Wellington • Since Nov 2006 • 566 posts Report Reply

  • Craig Young,

    So, what about factoring in NZF?

    What about 'traffic light coalitions' that might conceivably include Labour, the Greens and New Zealand First? These have existed overseas. In particularly, the Czech Republic may offer some interesting insights into how this might unfold. Rather like New Zealand First, the Czech Peoples Party is predominantly targeted at elderly voters and its political existence is marginal, depending on whether or not it is acting as a protest vote or taking advantage of the cyclical weakness of one of the major Czech political parties. However, in Denmark, the Danish Peoples Party has aligned itself with the centre-right Conservatives and Liberals in government over the last decade, which might hearten New Zealand First (and National?), or not. Similarly, in 2007, the Polish Peoples Party formed a coalition with the centre-right Civic Platform, the major winner in that year's national election. However, again, in Slovakia, its Peoples Party formed a coalition with the centre-left Social Democrats (2006-2010). Thus, if Winston Peters chose to play a more constructive role in current New Zealand electoral politics, he would have precedents on both sides of his prospective balancing act. The Czech Republic and Slovakia offer one set of examples, while Denmark and Poland offer the other option. However, the Czech Republic seems to be the only example of a 'traffic light' coalition arrangement.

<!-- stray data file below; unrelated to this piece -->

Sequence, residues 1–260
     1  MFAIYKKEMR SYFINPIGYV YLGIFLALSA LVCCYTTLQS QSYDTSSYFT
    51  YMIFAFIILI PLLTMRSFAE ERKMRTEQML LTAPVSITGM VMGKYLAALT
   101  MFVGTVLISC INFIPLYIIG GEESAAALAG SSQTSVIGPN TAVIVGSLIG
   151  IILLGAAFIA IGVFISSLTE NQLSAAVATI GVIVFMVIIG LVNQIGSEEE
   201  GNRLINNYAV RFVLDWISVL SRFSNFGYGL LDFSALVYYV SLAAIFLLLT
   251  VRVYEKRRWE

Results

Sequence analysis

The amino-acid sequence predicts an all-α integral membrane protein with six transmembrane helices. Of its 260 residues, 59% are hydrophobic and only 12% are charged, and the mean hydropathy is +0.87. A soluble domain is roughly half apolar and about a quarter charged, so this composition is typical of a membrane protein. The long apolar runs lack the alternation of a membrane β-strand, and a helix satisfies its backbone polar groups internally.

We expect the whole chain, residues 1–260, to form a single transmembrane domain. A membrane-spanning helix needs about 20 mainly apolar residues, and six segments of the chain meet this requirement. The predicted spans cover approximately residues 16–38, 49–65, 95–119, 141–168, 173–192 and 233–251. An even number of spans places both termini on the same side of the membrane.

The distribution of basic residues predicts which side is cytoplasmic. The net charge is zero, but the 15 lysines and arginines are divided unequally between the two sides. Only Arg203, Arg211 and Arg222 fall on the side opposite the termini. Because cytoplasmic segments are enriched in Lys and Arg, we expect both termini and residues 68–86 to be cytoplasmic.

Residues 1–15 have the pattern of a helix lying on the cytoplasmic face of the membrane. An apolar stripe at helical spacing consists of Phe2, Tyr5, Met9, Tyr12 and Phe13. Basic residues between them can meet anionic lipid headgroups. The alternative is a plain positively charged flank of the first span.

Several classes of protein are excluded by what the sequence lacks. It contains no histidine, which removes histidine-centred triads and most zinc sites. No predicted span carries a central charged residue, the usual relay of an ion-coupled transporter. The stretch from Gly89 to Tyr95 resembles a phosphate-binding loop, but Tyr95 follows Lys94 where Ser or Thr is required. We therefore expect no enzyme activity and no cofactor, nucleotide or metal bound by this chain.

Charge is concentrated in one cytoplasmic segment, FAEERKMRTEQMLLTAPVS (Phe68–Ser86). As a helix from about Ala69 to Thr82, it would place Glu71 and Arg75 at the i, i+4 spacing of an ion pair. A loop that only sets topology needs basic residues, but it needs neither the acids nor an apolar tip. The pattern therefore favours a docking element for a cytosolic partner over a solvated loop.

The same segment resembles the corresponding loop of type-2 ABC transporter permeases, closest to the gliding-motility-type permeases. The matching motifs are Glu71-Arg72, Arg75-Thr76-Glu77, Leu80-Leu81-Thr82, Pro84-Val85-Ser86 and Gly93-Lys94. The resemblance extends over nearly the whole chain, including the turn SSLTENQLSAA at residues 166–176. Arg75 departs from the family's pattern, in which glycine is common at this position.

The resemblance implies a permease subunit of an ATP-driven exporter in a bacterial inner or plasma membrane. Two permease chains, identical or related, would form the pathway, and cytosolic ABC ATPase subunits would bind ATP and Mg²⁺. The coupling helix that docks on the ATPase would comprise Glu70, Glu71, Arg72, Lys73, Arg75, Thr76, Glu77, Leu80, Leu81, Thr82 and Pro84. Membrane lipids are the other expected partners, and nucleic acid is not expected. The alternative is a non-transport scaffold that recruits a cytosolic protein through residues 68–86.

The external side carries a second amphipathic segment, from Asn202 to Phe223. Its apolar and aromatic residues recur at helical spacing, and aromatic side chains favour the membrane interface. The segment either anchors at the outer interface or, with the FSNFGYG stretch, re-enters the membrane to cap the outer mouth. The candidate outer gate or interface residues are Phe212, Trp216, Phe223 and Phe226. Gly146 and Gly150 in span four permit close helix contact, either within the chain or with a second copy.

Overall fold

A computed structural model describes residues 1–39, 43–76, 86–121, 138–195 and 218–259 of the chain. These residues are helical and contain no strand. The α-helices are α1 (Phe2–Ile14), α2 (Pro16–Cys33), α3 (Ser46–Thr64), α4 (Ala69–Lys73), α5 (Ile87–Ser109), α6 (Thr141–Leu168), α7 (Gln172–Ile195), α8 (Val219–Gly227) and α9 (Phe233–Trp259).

Winston could go either way, judging from the behaviour of his counterparts and closest political equivalents elsewhere.

    Wellington • Since Nov 2006 • 566 posts Report Reply

  • Craig Young,

    And finally, here are my references:

    Charles Lees: The Red/Green Coalition in Germany: Politics, Personalities and Power: Manchester: Palgrave: 2000.

    Werner Reutter: Germany on the Road to Normalcy: Politics and Policies of the Red/Green Federal Government: 1998-2002Manchester: Palgrave: 2004

    Franko Zelko and Caroline Brinkman: Green Parties: Reflections on the First Three Decades: Washington DC: Heinrich Boll Foundation: 2006.

    Elizabeth Bomberg: Green Parties and Politics in the European Community: London: Routledge: 1998.